5. UX designers are trying to train you.

    You might think that all websites look the same because designers have just gotten lazy by cutting corners or falling back on old tricks, but here's our little secret: it's not our #1 goal to make you gasp with ecstasy over how avant-garde our designs are. That's because we know our success will be eventually be measured in improved KPIs and closed engagement loops. We're looking to do whatever it takes to make the user take that next step toward contacting you, clicking "add to cart," or sharing your latest article. If that means we need to lean back on layouts, tactics, and techniques that have been proven successful over the course of a trillion online iterations, then you best believe we're going to milk that for all it's worth.

Design is in the Details

Why do all websites look the same? Answer: they actually don't.


Of course I'm being a bit of a Pollyanna about all of this. It's certainly not a difficult task to find a lot of websites out there that look strikingly similar to each other for various reasons (re-use of common templates, rock-bottom budgets that foster copycatting, designing solely for the benefit of Google's SEO algorithm, etc.). So maybe my evolving point is that it’s not as useful to answer the question "Why do all websites look the same?" than it would be to examine if that's necessarily a bad thing in all cases.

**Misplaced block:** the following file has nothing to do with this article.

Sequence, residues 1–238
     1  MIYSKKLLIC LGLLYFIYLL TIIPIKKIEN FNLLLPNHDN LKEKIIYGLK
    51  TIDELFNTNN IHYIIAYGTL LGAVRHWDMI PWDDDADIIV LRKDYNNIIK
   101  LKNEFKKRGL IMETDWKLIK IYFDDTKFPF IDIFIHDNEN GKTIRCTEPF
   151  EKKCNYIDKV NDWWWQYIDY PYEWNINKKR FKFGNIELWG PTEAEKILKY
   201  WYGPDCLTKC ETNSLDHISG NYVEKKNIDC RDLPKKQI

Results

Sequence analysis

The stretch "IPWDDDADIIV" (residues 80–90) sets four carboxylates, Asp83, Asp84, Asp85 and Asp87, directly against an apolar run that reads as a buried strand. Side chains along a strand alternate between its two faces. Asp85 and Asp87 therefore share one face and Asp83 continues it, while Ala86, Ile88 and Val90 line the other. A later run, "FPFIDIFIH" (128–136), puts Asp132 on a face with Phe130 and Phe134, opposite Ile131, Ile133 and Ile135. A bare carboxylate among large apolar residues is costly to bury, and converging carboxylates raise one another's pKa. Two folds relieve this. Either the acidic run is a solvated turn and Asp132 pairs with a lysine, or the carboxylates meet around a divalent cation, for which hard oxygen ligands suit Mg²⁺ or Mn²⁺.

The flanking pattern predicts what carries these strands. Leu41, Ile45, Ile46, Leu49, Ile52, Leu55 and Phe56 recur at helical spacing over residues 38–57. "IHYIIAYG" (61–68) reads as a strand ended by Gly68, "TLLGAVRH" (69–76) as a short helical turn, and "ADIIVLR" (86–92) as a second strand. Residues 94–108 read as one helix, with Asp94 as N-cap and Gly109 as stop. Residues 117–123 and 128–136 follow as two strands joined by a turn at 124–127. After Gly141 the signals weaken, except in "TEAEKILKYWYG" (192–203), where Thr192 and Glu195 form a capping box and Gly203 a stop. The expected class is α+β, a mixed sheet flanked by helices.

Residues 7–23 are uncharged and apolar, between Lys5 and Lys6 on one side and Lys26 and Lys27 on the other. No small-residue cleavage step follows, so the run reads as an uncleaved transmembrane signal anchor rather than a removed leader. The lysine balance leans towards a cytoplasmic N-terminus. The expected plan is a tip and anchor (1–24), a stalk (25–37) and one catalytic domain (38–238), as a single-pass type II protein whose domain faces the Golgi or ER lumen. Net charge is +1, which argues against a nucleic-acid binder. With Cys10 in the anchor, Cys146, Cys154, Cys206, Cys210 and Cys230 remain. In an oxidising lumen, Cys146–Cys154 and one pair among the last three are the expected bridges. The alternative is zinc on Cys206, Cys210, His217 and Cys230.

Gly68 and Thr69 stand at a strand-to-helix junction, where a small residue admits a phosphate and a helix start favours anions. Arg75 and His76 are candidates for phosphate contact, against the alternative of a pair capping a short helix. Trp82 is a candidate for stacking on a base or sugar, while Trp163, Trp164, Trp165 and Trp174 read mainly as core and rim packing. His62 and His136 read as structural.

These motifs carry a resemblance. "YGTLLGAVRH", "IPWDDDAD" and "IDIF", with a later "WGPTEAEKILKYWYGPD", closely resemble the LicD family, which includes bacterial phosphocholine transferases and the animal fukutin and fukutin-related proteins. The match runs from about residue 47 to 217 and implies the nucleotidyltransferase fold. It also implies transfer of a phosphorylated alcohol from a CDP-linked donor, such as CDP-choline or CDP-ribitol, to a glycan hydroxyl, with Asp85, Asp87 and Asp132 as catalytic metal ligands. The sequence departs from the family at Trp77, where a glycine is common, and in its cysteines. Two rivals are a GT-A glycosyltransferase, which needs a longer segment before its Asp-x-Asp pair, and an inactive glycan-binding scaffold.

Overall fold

The real question, and the real answer:

As designers, how do we help our projects stand out from the crowd and yet meet our users' expectations? How do we balance practical differentiation with maximized accessibility and effortless usability? It really depends on your website's purpose, your brand, your needs, and your goals. A good engagement strategy in the hands of an experienced UX team should be able to help you decide how much and where you should differentiate yourselves without harming usability, accessibility, or reliability.

There’s a reason web design has evolved to this point. Think of it like this: all websites look similar in the same way that all cars look similar. They may all have a similar shape and function, but the design is in the details. The cars that really stand out are the ones that focus on the driver’s experience – but they still all require wheels and an engine.

So don’t be embarrassed to rely on standardized layouts and tactics that have been proven successful as long as you’re able to offer enough differentiation to enforce your own brand or stand out from the crowd. A good balance will always be key. At Aware, we're here to help you take advantage of current web standards while differentiating your users' experience, so contact us today to see how we can strike the perfect balance for you.

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We'd love to hear from you. We probably have a lot in common. I mean, you like chatting about data-binding, UX patterns, and javascript functions, right?